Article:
How do people move forward from a trauma, or from guilt? In my latest reading of Richard Nixon: The Shaping of His Character, Fawn Brodie talks about Adlai Stevenson, the Democratic candidate for President in 1952 and 1956. Stevenson accidentally shot a young girl while thinking that a rifle was unloaded, and he felt horrible about it afterwards. Brodie states that Stevenson had a “pervasive melancholy and self-doubt barely hidden behind his good humor and wit” (page 311). When a woman wrote to Stevenson saying that her son accidentally killed a friend, Stevenson wrote back to her, “Tell him that he must live for two.” When Stevenson was complaining to a friend of his about his troubles during his 1948 campaign for Illinois Governor, Stevenson stated, “and so on and on, to the end of time, or until my sins are expiated.”
Stevenson still managed to live his life. He accomplished things, and he had romantic relationships. But, according to Brodie, there was a pain within him.
According to Brodie, Nixon, too may have felt guilt after the death of two of his brothers. Brodie states on page 100:
“Robert J. Lifton, who has done much research on survivor guilt, finds that many survivors suffer from a ‘psychic numbing,’ a diminished capacity for experience, whether of joy or grief. They fear they have survived ‘because someone else died, or that they have ‘killed’ the other person in some symbolic way by failing to sustain the other’s life with needed support, help, and nurturance.’ This may have been a factor in numbing Nixon’s already warped capacity for elation, especially seen in his election victories. In a more profound fashion it may have deadened his general sensitivity and self-understanding, and contributed to the sense of meaninglessness and unfulfillment in his own life.”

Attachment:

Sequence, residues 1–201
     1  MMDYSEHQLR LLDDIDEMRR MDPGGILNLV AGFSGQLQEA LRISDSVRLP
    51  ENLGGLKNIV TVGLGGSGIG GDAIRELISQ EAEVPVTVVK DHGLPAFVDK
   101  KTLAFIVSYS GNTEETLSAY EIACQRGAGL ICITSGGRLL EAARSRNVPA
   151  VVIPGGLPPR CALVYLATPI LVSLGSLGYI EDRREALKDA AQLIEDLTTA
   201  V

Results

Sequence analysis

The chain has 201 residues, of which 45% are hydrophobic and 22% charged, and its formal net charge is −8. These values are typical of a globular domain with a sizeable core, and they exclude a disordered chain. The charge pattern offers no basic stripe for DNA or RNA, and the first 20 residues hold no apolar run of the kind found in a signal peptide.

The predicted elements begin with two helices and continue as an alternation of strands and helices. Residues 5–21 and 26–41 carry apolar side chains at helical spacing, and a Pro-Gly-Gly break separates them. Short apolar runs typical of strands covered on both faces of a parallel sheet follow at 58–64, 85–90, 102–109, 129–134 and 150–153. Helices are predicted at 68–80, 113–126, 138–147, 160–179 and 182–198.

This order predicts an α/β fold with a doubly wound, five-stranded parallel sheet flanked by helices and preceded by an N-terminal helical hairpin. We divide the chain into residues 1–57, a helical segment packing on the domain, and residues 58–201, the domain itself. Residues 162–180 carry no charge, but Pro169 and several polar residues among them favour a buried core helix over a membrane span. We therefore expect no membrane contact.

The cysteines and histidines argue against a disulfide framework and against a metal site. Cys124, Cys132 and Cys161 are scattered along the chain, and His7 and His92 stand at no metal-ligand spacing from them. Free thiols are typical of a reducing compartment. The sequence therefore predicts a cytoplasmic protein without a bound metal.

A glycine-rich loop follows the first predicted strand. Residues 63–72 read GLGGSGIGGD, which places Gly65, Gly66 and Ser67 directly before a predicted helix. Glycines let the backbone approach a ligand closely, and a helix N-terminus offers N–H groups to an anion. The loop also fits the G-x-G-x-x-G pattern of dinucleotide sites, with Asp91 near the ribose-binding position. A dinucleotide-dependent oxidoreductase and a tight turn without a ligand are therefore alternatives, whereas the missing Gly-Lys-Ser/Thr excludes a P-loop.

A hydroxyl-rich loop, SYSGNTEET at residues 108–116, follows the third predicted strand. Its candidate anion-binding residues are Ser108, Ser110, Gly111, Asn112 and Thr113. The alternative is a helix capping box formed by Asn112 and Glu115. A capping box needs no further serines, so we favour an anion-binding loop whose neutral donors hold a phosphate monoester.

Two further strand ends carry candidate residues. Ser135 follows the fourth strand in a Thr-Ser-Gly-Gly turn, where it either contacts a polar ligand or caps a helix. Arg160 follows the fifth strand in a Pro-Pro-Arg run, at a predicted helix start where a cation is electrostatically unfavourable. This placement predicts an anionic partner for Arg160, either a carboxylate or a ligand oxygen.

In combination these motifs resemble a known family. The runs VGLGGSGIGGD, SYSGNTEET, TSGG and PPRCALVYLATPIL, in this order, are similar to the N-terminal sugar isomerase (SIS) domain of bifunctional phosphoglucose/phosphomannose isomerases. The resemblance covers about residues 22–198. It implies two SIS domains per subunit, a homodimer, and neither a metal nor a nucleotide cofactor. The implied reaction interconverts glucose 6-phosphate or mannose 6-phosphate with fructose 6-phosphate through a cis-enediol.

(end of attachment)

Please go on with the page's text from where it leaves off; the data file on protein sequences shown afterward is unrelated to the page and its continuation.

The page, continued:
UPDATE: Later in the book, Brodie talks about how other people’s deaths paved the way for Nixon to advance. His brother Harold’s death from tuberculosis freed up money for him to go to law school. The deaths of Robert Kennedy and Martin Luther King, Jr., may have propelled him to the Presidency. In the case of MLK, Brodie states, his assassination drew more people to the law-and-order candidate, Nixon. Brodie wonders what Nixon must have felt about this. On page 507, she says: “What one does not know is whether or not Nixon suffered an anxiety that the fate helping him was demonic and not divine.” Brodie also mentions the suicides of two authors who were writing books about Nixon, books that were not particularly negative about him.